Sounds of prayer and calls for action filled City Hall this afternoon as thousands gathered to March for a Clean Energy Revolution.
The march started at City Hall this afternoon. Activists walked a mile East, down Market Street, and ended at Independence Hall. That portion of Market Street was closed throughout the duration of the march.
Activists from Citizens for Local Power and Clean Energy Action joined dozens of other organizations at the march and they carted people from all over the nation. Some, like Melissa Goshe, came all the way from Cleveland, Ohio. Gosche, like other supporters, is calling for institutions to focus on the environment, not just their profits. “We’re stuck using fossil fuels and we know the reason, right? It’s money,” she said.
Marchers are also calling for a ban on fracking, a halt to fossil fuel expansion and move to create environmental justice for all, according to the Clean Energy March website. They chanted “keep it in the ground,” as they held signs that said “end fracking now” and “don’t frack with our health.”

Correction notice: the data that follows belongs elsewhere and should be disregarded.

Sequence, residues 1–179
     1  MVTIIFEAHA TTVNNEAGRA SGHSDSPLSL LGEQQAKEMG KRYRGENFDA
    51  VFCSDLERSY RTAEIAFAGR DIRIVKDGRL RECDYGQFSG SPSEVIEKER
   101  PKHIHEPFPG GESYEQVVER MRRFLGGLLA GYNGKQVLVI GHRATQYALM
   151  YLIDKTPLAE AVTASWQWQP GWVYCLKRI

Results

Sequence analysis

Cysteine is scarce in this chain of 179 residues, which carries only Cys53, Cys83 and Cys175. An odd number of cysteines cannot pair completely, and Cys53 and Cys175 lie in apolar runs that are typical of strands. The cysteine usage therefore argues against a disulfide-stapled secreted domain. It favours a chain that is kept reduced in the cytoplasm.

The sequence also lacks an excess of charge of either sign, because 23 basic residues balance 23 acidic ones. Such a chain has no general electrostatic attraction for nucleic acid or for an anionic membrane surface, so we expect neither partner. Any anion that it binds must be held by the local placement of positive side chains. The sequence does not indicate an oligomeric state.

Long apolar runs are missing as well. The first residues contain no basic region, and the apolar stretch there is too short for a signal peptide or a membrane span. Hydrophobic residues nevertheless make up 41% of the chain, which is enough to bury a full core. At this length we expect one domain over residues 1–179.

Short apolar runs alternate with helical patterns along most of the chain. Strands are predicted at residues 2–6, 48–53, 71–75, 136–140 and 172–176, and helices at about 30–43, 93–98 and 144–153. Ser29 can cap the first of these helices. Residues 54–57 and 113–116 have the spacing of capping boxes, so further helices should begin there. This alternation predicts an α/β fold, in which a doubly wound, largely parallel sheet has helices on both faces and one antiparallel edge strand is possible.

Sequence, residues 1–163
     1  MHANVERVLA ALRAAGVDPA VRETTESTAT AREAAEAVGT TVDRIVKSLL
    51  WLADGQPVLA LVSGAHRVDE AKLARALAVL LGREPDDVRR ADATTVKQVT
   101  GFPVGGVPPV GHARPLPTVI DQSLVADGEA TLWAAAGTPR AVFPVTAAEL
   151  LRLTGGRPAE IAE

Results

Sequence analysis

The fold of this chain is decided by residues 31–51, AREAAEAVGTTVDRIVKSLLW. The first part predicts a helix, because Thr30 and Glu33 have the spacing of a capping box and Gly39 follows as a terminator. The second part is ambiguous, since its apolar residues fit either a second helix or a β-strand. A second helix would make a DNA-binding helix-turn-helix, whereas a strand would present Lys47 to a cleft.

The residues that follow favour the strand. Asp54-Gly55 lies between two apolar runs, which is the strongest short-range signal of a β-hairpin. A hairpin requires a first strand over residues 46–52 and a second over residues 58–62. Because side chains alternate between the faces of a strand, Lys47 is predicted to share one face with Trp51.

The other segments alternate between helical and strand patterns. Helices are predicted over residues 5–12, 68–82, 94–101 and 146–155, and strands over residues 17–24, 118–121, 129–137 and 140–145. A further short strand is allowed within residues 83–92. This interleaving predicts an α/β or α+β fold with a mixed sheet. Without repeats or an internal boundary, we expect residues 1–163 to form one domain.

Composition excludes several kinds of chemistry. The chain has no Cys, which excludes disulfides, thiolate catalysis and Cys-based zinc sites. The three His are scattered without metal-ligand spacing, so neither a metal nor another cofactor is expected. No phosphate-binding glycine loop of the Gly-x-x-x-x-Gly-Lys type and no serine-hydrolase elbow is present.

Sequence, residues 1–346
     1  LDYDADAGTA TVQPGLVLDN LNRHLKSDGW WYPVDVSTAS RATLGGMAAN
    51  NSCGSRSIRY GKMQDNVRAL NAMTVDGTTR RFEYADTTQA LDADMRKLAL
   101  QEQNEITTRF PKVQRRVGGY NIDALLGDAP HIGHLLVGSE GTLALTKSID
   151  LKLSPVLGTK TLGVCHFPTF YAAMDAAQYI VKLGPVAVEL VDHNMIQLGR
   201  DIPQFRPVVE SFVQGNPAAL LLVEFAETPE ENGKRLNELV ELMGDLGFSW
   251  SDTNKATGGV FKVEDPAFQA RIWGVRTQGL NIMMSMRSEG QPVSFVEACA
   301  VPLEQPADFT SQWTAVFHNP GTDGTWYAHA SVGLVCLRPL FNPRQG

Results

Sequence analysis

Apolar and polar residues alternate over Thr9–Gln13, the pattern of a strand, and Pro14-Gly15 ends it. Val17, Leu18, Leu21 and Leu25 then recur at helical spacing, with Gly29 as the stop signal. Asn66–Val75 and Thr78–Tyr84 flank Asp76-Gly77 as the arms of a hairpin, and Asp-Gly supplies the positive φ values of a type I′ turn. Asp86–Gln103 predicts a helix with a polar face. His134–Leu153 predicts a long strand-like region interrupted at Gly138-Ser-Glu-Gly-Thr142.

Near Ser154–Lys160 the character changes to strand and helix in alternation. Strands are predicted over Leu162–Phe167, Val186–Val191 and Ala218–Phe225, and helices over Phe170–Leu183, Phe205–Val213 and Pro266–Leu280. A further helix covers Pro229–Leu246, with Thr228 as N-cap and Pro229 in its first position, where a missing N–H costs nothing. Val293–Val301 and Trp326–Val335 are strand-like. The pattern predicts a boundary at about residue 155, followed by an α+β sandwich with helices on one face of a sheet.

The march was convened by Americans Against Fracking and Pennsylvanians Against Fracking. The two organizations led the pack of marchers, but each activist said they still had their own views to get across to politicians.
“We need to stop the TTP. We need to stop fracking” says Simonetta Jean from New Jersey.
“Our planet and our species is on the brink of extinction,” said Paco Maribona. He thinks this cause will encourage unity, despite a marginalized political atmosphere. “This is what I think will bring us together, saving the planet,” he added.
Some advocates say this unity is one of the first steps towards change. “We have to march with everyone, with every group, we only have power in unity,” says Jean. They also say that environmental change is possible, especially while the Democratic National Convention is here in Philadelphia. “There’s so many people here and so many people are watching on the media,” says Maribona.
Activists say they hope to gain attention from more than just the media. “Let’s get the attention of the politicians,” John Whitpeck said .